Following the introduction of the Gender Pay Gap (‘GPG’) Transparency Regulations in 2017, SYNLAB UK & Ireland is pleased to provide their third GPG report. Although the government is not expecting employers to submit reports in 2020 because of the coronavirus outbreak, SYNLAB believes that these reports are important.
Only one of our legal entities meets the large employer criteria; the data included within this report relates only to IPP Analytics Limited.
Our company is meritocratic, so men and women with the same performance and experience in equivalent roles are paid equally, in roles underpinned by job evaluation and banding frameworks.
We have a median gender pay gap of 4.2%, this is lower than last year (7.4%). The change reflects the positive changes in the proportion of women within our upper and upper middle quartiles and a reduction in the proportion of women in the lower middle quartile. We also continue to compare favourably to the national median pay gap of 17.3%1
We remain committed to the principles of diversity and inclusion, which we believe is a key enabler for both our people and business to perform better. The company launched a Diversity and Inclusion group, drawn from across our UK&I business in 2019 as part of that commitment.
One element of that commitment is transparency around our gender pay gap, the reasons for this and being clear about the how we hope to address the issue.
Now we have three years of gender pay analysis the company can start reviewing some of the underlying factors within the data.
Chief Executive Officer
SYNLAB UK & Ireland
1. According to the Office for National Statistics (ONS) figures, the national median pay gap for all employees is 17.3% in April 2019.
Data summary – hourly rates
Women’s hourly rate is…
11.7% lower (mean)
4.2% lower (median)
The trend over time is shown graphically:
- The mean (average) hourly rate for women is £14.89 (13.6% higher than last year). For men, the mean hourly rate is £16.85 (12.4% higher than last year).
- The median (middle) hourly rate for women is £11.97 (16.2% higher than last year) whereas for men, the median hourly rate is £12.50 (12.4% higher than last year).
- 73.6% of our workforce is female. Women account for 66.0% of the work force in the upper quartile, which is ahead of the UK national average2 (39.7%), which is one of the reasons why we believe our pay gap differential is better than the national position.
2. According to the CIPD Analysis of Gender Pay Gap Service Gov.UK data (2018-19)
Data summary – bonus payments
Women’s bonus rate is…
Who received bonus pay
25.9% lower (mean)
45.0 % lower (median)
- A total of 12 people were in receipt of a bonus during the reference period (May 2018 – April 2019). This equates to 2.6% of women and 2.3% of men in receipt of a bonus.
- Bonus payments are made either as an incentive to join the company (9 people), on promotion to key roles as a retention payment (1 person) or on a limited, discretionary basis for performance (2 people).
- The average bonus payment made to women was 6.10% lower than that received by men. The median bonus received by women was 5.33% lower than men. This may be explained to a change in the joining bonus scheme from staged payments to one lump sum.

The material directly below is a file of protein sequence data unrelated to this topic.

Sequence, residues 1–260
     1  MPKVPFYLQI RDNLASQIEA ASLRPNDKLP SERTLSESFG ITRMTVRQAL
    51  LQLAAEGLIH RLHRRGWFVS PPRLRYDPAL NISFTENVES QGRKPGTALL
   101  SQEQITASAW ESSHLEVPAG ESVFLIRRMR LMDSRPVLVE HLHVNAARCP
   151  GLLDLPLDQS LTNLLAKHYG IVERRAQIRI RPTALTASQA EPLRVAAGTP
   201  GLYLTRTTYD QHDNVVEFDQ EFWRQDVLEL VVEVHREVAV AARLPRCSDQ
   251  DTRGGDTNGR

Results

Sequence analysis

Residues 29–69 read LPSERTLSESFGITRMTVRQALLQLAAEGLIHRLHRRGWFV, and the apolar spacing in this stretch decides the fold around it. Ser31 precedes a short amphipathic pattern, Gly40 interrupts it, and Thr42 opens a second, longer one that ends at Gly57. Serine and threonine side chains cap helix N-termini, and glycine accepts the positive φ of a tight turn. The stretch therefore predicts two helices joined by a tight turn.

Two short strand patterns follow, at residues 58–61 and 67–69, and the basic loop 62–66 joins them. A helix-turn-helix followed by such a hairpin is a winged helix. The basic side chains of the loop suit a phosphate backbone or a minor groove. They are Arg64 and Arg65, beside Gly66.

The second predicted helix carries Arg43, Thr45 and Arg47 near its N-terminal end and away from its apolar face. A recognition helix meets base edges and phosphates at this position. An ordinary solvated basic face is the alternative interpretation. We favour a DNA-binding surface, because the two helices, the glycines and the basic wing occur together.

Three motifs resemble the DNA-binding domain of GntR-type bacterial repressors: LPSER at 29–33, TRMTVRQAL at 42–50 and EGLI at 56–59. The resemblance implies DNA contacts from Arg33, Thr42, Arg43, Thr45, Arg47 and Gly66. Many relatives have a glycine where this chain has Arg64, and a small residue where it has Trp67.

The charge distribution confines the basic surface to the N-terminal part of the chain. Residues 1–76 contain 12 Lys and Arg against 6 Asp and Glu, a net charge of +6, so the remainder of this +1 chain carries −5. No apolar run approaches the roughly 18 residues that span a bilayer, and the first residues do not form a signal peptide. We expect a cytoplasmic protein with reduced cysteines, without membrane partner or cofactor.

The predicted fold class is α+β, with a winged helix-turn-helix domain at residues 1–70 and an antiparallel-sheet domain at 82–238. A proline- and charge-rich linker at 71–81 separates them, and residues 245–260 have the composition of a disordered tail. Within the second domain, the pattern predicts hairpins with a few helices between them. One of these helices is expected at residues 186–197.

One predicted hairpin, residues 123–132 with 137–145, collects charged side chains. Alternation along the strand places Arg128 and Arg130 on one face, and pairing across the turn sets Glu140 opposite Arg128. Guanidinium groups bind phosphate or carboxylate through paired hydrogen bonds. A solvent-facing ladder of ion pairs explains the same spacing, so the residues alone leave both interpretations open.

Data summary – pay quartiles
- Pay quartiles show how many men and women are in each quarter of our payroll. We have commenced analysis into the percentage of women within the upper quartile pay category, which remains lower than our workforce gender percentage, and their career paths to understand how this is impacting our gender pay gap. Information relating to this is displayed in the section below.
- We have also started to review the data around the impact of unsocial hours working (i.e night and weekend shifts which have pay enhancements) on our gender pay gap to understand if this is a significant factor.
Understanding our gap – Upper Quartile Career progression of women
- Last year we committed to analysing why the percentage of women in the upper quartiles of earning is lower than the overall percentage of women in our workforce, and lower than the average in the other three quartiles. We want to understand if there are differences in aspirations, needs and requirements of women and men.
- Reviewed over 3 years, the percentage of women has decreased within the upper quartile. Some of the reasons for the reduction in female participation in the upper quartile are actually positive changes such as promotion into a different employing entity within SYNLAB, to spending time on maternity leave, enjoying new babies.
- Other reasons for women leaving the Upper Quartile between 2017 – 19 involve staff choosing to progress their next career step with a competitor, relocating to another part of the UK and moving down to the Upper Middle quartile usually due to a reduction in working shifts during unsocial times.
- Whilst there will always be an element of movement in any workforce, 81.9% of the female staff in the Upper Quartile in 2018 were remained in the Upper Quartile in 2019.
- Key areas of focus for this year will be:
- Completing our analysis to understand the impact of unsocial hours working and earning the premiums associated with this on our gender pay gap.
- To explore gender perception differences around pay. In a recent survey, a higher percentage of women than men agreed that they felt that they were fairly paid at SYNLAB when compared to other places they might work. However, a higher percentage of men then women agreed that performance had a significant impact on their pay.
- Identifying other ways we can support female staff members to continue to work frequently during unsocial periods, especially when they have young children or move into the 50+ age bracket when elder care responsibilities may arise.
- Launching new career pathways to encourage less experienced staff to continue their development journeys with SYNLAB.
Link to 2018-19 report.